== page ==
Firefox Vuln and DNS Changers

A newer spyware program targets only Firefox users, according to these articles. (which includes links to technical information). Of course, one has to allow the initial infection to install.

It’s not clear how the initial infection gets to your computer. But once there, it puts hooks into Firefox to allow the spyware to watch and report on access to banking-type web sites. When such a site is accessed, the spyware grabs your login credentials and sends them off to the evil hacker. And that can’t be good.

Another evil is the DNS changer software that could live on the laptop next to you at the local coffee shop. When you connect to the coffee shop’s network, the evil laptop will intercept and change your DNS settings. That will allow the evil DNS server to intercept and redirect your access to a web site. Also not good.

Brian Krebs (Washington Post) has a write-up of it here . The trojan works by changing a registry value that changes the DNS server your browser accesses.

The trojan is another one that you have to decide to install, and is often disguised as a video ‘codec’ (add-on) that an evil site (often an ‘adult’ site) wants to install so you can view the videos. Could even be a site like www(dot)yuotube(dot)com (and no, that is not a typo).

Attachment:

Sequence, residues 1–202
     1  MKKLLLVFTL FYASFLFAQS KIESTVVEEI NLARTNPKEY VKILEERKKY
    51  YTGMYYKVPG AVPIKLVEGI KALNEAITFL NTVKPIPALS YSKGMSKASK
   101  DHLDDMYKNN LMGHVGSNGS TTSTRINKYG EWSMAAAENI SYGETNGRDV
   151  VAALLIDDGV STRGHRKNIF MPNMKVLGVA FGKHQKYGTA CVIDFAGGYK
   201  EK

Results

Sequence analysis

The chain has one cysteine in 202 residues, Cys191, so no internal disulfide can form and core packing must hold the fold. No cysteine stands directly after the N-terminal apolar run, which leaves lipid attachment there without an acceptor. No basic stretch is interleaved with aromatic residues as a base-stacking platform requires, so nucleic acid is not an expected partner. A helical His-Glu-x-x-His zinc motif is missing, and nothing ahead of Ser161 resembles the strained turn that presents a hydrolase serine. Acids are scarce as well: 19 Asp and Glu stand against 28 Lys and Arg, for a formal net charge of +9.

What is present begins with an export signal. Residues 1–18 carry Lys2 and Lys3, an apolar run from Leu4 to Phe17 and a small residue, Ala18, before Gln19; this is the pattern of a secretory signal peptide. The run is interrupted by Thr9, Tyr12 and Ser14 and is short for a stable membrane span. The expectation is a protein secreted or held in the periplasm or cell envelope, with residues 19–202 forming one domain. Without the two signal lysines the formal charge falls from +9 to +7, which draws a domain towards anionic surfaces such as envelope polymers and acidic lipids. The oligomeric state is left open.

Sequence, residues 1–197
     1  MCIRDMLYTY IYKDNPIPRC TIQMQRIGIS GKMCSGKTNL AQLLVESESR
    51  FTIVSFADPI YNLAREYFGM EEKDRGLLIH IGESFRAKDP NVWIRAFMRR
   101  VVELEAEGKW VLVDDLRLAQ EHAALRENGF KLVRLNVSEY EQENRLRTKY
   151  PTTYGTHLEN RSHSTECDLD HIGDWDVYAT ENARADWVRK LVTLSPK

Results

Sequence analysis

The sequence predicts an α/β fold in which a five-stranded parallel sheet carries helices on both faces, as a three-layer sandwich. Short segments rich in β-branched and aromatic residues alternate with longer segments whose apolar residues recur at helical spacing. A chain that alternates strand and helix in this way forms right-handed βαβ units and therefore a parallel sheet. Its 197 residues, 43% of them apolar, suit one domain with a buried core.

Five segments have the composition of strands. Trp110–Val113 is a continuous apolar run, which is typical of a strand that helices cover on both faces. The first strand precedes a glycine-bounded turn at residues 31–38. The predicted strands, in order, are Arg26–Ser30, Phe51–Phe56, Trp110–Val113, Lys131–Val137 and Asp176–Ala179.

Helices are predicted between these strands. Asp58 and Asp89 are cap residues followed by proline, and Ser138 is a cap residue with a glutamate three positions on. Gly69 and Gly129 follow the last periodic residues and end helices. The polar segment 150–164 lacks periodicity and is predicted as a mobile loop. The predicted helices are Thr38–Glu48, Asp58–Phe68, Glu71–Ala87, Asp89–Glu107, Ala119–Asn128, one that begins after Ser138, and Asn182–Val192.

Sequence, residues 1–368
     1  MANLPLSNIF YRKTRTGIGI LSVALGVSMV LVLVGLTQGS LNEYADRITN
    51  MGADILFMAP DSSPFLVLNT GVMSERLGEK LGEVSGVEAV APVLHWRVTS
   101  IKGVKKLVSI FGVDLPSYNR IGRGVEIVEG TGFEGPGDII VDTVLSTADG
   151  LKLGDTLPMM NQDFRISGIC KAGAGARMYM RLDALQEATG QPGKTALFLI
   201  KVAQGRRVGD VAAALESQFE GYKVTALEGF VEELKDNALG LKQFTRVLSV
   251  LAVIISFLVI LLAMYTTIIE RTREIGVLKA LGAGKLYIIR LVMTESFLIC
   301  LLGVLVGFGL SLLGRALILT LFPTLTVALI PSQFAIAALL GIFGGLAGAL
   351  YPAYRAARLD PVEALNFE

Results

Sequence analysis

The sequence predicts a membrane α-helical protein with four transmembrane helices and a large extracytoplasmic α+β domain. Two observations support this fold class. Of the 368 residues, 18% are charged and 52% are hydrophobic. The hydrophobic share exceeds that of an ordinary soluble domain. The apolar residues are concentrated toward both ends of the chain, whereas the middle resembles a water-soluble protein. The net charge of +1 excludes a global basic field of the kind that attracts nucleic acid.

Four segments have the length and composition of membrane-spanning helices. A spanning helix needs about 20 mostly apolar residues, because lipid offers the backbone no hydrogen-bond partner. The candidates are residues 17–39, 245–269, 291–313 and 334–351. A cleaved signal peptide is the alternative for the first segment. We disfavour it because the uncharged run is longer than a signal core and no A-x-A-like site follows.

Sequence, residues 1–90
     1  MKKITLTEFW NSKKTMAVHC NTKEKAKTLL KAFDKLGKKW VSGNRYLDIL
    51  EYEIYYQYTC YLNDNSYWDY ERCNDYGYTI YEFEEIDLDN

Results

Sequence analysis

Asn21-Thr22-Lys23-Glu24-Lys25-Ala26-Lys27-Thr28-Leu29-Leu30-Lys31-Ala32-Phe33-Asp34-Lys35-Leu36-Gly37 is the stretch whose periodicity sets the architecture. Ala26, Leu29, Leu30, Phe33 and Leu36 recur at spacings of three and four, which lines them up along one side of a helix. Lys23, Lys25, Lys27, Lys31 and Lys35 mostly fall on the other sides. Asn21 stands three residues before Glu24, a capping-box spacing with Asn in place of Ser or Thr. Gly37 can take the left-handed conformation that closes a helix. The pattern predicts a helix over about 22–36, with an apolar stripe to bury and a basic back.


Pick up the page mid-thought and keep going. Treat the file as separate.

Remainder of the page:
A quick way to check if you have a DNSChanger problem is to try to browse to a known non-existant web site. Like . You should get a “Navigation cancelled” page. If you get anything else, then it’s time to start the cleanup process on your computer (and perhaps your router, since there are some DNSChanger attacks that try to hack into your router using known passwords).

Note that some ISPs redirect you to their search page if you type in a non-existent web site name, so this may not work for everyone.

Be careful out there!

USB Auto-Infection

One method of infecting a computer is through the use of AUTORUN.INF on a USB drive. This is a file that contains commands to automatically execute when the device is attached to a computer. If your computer is set to automatically execute that file, that setting can cause problems.